There is a sound general knowledge of what can be done with surveillance to control people, but there is a more insidious effect that isn’t immediately apparent. A paper was published earlier this year that studied what actions one does or does not take depending on whether they know they are under surveillance. Elizabeth Stoycheff describes the result as the “spiral of silence.” There were two groups, one of which had been told they were under surveillance, while the other were not told. Their online activity was then monitored and some fake posts were made regarding contentious political issues such as military deployment. The group that was told they were under surveillance were reliably less likely to express their opinions. One of the greatest things about the internet early on was the ability to express your views or thoughts to a very wide audience. This is how many successful protest campaigns thrived. But as people become more aware of their surveillance they will self-censor and repress opinions to fit in with the ‘majority view’. This is increasingly problematic for minority groups as this spiral of silence encourages only a mainstream view of the world, and if that doesn’t include a place for them then there are less people to be allies to their cause, and more complicity in their oppression.

Because of the invisible way that modern surveillance works we increasingly need people to be outspoken, to call out and challenge these ideas. We need for these issues to be out in the open and spoken about. Otherwise the control will continue and grow, and our ability to express will be subdued more and more. Fatima and Ai Weiwei are important figures demonstrating that we have the ability to react to the apparent status quo. Their work encourages discussion and reflection. Their work is a display of strength and peace and is a silent support for anyone out there who needs some strength to stand out and express themselves.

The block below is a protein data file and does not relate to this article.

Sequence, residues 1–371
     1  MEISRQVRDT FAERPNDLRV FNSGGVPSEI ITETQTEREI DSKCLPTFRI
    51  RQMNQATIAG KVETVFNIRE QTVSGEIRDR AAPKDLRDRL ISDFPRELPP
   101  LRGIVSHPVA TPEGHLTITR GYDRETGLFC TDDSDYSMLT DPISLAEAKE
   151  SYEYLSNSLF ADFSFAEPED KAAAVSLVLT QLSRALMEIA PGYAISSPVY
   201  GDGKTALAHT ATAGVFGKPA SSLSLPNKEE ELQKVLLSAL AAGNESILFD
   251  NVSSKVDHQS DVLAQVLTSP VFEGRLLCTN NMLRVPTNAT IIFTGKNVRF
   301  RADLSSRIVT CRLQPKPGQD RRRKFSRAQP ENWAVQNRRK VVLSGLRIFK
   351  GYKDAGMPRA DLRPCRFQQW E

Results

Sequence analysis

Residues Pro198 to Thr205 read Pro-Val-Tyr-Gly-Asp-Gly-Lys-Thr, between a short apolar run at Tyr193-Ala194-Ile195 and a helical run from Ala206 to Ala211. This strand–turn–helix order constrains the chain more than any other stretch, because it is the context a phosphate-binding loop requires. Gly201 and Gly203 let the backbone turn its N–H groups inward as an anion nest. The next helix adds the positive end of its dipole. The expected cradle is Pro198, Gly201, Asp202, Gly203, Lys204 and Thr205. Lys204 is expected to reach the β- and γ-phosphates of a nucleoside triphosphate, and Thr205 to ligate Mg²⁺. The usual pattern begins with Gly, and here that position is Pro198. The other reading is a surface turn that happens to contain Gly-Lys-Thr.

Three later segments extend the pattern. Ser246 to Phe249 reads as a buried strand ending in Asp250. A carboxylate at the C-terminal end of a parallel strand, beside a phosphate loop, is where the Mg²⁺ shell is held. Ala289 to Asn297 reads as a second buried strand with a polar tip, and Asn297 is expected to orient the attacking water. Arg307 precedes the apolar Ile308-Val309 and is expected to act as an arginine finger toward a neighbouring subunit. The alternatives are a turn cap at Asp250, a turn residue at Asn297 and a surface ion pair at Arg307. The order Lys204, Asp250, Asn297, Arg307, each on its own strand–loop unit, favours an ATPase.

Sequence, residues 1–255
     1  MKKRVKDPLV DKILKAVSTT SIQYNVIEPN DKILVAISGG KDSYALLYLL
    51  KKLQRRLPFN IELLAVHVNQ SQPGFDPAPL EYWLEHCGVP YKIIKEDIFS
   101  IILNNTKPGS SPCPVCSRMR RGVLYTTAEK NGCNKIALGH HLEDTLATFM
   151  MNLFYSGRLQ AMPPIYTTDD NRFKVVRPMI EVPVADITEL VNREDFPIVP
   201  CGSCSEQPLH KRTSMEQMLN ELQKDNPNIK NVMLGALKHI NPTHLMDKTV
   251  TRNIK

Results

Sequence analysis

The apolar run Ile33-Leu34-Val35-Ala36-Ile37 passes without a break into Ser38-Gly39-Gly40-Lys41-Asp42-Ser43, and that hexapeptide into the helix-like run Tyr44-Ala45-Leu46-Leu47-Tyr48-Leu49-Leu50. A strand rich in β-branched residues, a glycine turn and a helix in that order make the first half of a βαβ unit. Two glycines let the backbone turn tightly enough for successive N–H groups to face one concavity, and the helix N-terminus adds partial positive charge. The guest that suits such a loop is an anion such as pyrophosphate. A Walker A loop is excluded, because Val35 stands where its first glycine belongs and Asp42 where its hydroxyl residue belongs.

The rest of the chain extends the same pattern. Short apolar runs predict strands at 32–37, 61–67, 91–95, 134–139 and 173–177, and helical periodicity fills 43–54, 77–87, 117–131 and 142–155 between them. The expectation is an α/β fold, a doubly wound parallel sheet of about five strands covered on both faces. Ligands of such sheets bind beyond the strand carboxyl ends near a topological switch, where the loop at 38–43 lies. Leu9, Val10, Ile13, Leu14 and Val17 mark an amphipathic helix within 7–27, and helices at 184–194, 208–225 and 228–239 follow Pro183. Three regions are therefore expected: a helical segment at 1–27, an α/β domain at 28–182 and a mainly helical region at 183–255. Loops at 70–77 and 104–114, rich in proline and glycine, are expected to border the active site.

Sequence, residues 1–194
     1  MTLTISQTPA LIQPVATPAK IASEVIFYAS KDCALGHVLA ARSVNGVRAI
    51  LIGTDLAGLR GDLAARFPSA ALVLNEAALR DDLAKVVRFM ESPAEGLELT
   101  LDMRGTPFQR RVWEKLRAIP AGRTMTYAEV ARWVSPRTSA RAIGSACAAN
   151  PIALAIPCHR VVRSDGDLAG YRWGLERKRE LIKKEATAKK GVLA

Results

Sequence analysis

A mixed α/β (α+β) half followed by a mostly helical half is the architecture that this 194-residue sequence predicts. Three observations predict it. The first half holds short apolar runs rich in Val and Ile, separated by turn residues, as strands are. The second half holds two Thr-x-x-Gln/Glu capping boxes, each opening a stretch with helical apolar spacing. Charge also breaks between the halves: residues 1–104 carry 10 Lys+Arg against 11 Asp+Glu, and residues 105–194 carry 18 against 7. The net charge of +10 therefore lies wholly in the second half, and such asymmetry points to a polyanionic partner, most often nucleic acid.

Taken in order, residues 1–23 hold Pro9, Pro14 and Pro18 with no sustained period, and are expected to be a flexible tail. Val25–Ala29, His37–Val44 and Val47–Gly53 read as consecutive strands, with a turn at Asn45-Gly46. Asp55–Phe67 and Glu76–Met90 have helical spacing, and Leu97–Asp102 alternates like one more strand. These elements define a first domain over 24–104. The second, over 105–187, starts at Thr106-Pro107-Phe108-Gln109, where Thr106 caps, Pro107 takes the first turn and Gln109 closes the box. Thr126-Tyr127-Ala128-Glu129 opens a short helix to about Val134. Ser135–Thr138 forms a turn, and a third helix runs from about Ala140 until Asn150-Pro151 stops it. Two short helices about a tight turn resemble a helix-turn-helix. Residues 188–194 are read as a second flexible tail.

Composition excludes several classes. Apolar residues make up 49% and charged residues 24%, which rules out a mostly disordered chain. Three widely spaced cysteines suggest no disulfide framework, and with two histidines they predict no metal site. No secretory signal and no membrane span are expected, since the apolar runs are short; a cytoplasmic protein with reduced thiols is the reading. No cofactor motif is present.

There are also many more surveillance inspired artists out there, challenging and informing. Here are a few to check out:

Surveillance by Vito Acconci (1969)

Every day for a month Vito Acconci would choose a stranger at random and follow them taking photos and making a written account.

Web 2.0 Suicide Machine by Walter Langelaar (2009)

Walter produced a service that would purge your online presence from all your social media hooks, over 50,000 people took part.

Cached Landscapes by Florian Freier (2015)

A grid of aerial photos from Germany is algorithmically chosen based on how much surveillance it is under, producing a grid of surveillance hotspots.